Insights from SIA’s Chairman: D-Block Spectrum for First Responder Communications

Security Industry Association (SIA)

The terrorist attacks on September 11, 2001 brought to challenges first responders face with electronic communications to the forefront. The lack of reliable interoperable communications led to fire fighters not being aware that police officers had received orders to evacuate the second World Trade tower after the first collapsed. Fire fighters lost their lives because the communications technology they were provided failed them.

The 9-11 Commission recognized this failure and made a recommendation for legislation allocating increased spectrum for public safety use. Experts knew that identifying and allocating spectrum for public safety would not be easy; As we have become an increasingly wireless world, our thirst for spectrums has driven up their commercial value.

The transition from analog to digital television freed up substantial spectrum, which the FCC divided into five groups: A, B C, D and E blocks. The government raised considerable funds auctioning that spectrum; however, D-Block was not sold since there was a requirement that the winning bidder establish a public-private partnership with the Public Safety Spectrum Trust (PSST). That requirement led to lower bids that failed to meet the $1.3 billion reserve price.

Through the tireless efforts of FirstNet’s Public Safety Advisory Committee (PSST), led by its Chairman, Chief Harlin McEwen, the desire to assign the D Block exclusively for use by public safety gained momentum. This goal was finally realized when President Obama signed the bill in February of 2012 that provided a nationwide spectrum for public safety use by first responders.

The spectrum allocation is only the beginning. The legislation also established the “First Responder Network Authority” (FRNA), part of the National Technology Information Administration, and a Public Safety Trust Fund was established within the treasury department and seeded with an initial $7 billion for construction of the network. There is a high probability that the network will use Long Term Evolution (LTE) technology since the higher wireless data rates provided by LTE enhance usability of higher-bandwidth applications.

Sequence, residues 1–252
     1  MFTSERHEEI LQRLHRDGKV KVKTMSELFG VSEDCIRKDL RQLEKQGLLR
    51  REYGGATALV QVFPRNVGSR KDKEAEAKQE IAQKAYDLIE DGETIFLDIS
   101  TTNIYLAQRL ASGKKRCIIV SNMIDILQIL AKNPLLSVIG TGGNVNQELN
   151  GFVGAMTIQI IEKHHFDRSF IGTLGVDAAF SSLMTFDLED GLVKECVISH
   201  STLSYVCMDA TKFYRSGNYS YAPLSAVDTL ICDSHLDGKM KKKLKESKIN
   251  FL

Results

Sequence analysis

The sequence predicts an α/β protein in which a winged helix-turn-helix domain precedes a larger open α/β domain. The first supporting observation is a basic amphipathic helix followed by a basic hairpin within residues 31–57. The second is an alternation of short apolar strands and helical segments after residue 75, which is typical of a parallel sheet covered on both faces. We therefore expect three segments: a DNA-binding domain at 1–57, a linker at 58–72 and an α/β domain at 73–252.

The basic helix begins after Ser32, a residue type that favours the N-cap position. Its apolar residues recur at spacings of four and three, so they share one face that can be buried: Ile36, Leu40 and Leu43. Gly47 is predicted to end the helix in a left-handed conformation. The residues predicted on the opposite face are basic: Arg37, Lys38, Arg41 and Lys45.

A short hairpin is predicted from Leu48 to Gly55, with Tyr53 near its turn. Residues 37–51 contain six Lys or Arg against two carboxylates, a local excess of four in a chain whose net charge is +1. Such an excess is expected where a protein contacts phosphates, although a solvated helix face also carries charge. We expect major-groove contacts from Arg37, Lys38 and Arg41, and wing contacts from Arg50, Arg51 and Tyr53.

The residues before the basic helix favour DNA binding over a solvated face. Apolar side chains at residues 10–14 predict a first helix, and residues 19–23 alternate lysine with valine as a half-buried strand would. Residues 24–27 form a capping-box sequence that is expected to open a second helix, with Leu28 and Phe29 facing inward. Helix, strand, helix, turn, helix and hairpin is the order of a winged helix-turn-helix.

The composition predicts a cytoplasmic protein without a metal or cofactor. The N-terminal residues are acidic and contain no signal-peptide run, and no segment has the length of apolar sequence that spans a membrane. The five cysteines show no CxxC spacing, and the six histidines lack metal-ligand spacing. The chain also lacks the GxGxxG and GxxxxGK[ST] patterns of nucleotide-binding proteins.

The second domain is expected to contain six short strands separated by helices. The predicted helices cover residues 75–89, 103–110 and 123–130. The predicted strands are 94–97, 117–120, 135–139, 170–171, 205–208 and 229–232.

FirstNet is important for manufacturers and integrators in the fire and security industry because of applications that will be created for first responder use. The interoperability promise of this network will enable first responders to connect to the resources they are charged with protecting. Mobile applications will provide them with real time situational awareness and will have a tremendous impact on public as well as first responder safety.

It is reasonable to expect future fire alarm systems, video management systems, building management systems, card access systems, etc. to have secure interfaces to applications deployed by first responders. Information from a building about additional fire sensors that have activated, where those sensors are, can be delivered directly to a fire officer.

Accomplishing this will require that FirstNet and NIST drive the creation of standards that allow such interoperability. These standards must be such an enabler, while protecting the Intellectual Property rights of manufacturers that drive innovation. Physical Security Information Management systems are already deploying such interoperability and can be an early enabler.
It is my desire as Chairman to establish SIA as the technology partner for FirstNet with respect to first responder emergency access into building management systems, card access systems, fire systems, video management systems, etc. As an association with security and fire manufacturers as a core part of its membership, SIA is well positioned to be at the forefront of creating this interoperability, between FirstNet users and physical security and fire systems.